Since wildland firefighting crews extinguished the 56,000 acres of lightning-sparked fires across the Umpqua National Forest, the U.S. Forest Service has been busy completing post-fire work before the winter.
Alice Carlton, forest supervisor for the Umpqua National Forest, is prioritizing ecological repair, roadside safety and economic support for local communities through several projects.
The Forest Service is auctioning off the decks, or piles of logs cut during the fire suppression efforts, which Carlton said provides business and job creation for local mills.
“Trees deteriorate rapidly once a tree is killed, so the primary urgency and importance is to get the trees out of the forest and into the mills as rapidly as possible,” Carlton said.
The Steamin sale, named for the nearby Steamboat and Medicine Creeks, sold last week to Springfield-based Future Logging Company. Two more piles are expected to be sold by the end of November — the Blitz deck of 790,000 board feet near Blitz Creek and the Falcon deck of 605,000 board feet in the Falcon Complex of the forest.
In commercial sales like this in the Umpqua National Forest, 25 percent of the timber receipts go to the Douglas County government, which primarily uses it to fund law enforcement.
Douglas County Commissioner Tim Freeman, also liaison for federal forests, recently met with the Forest Service and industry representatives to tour the fire area and discuss priorities for getting the most value out of the post-fire work.
“We appreciate the Forest Service understands the connection between the trees and their value to county services,” Freeman said. When he looks out over the acres of burned trees, Freeman said he sees sheriff’s deputies, not just snags.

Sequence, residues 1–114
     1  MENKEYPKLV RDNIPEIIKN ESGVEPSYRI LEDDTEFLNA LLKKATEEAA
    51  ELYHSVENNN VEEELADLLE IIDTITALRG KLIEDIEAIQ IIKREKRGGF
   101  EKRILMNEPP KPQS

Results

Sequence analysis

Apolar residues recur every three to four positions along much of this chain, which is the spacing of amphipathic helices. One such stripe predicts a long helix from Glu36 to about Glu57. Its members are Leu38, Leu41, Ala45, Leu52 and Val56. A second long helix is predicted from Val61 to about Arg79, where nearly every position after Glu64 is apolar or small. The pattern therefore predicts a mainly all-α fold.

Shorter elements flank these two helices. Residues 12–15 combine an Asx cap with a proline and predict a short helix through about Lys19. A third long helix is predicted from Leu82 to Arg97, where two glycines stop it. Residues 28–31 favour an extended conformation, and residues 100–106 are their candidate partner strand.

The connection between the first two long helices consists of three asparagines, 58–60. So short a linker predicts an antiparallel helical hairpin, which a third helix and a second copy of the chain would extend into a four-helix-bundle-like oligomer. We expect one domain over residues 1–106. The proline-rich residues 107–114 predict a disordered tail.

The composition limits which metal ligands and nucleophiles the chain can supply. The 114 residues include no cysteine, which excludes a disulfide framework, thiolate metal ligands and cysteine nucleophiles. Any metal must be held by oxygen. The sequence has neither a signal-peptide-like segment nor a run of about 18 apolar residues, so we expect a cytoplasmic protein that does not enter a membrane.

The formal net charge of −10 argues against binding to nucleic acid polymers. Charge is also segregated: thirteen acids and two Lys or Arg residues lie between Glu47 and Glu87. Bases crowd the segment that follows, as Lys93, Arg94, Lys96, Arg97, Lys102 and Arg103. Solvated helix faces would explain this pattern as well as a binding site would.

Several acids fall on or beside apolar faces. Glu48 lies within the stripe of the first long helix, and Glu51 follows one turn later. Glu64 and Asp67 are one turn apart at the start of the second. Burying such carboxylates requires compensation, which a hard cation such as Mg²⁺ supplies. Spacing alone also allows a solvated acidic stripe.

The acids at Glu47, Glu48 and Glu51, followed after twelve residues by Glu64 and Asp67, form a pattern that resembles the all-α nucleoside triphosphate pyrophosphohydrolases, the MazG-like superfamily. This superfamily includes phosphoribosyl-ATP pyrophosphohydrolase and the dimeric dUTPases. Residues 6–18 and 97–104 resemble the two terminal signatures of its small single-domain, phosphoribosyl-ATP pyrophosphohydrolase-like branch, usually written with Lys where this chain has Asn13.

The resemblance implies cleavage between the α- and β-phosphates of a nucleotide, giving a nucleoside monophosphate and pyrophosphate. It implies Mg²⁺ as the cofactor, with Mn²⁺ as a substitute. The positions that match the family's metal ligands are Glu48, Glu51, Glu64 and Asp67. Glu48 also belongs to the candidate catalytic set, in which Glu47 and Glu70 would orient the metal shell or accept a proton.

Freeman said the current U.S. Forest Service post-fire projects are improvements compared to the work done after the 2015 Stouts Creek Fire.
“If they would’ve salvaged logged or roadside logged, the dollars generated from that value of timber would have paid for all the replanting and made money for county services,” Freeman said. “The day after the fire they’re worth just as much as after the fire, we’re talking millions and millions of dollars of dead trees were left to rot after the Stouts Creek Fire.”
As of this time, the Forest Service doesn’t have an estimate of what the total receipts will be for the 2017 fires, as that will be determined after the logs go to auction.
Another project is removing the trees along the roadsides that could potentially fall and cause hazards. These trees will be at least 10 inches in diameter, and the Forest Service is currently assessing the number of sales, and their location and volume.
“The fires burned through 750 miles of roadways open to the public, and where the roads intersect patches of fire-burned trees those can become danger trees,” Carlton said.
Carlton said the U.S. Forest Service also needs to take advantage of the sections of the burned areas that have commercial value by preparing them now for sale in the spring. While many of the trees in these sections are dead, there’s a mixture of green trees up for sale within the areas.
Road and culvert maintenance and riparian stabilization is another immediate priority, according to Carlton, because it needs to be completed before snow covers these burned areas.
Cheryl Caplan, public affairs officer for the U.S. Forest Service, said this work is not only meant to keep the roads safe, but to keep the water in streams under the culverts clean and fresh for the fish that swim in it and the people who recreate in it.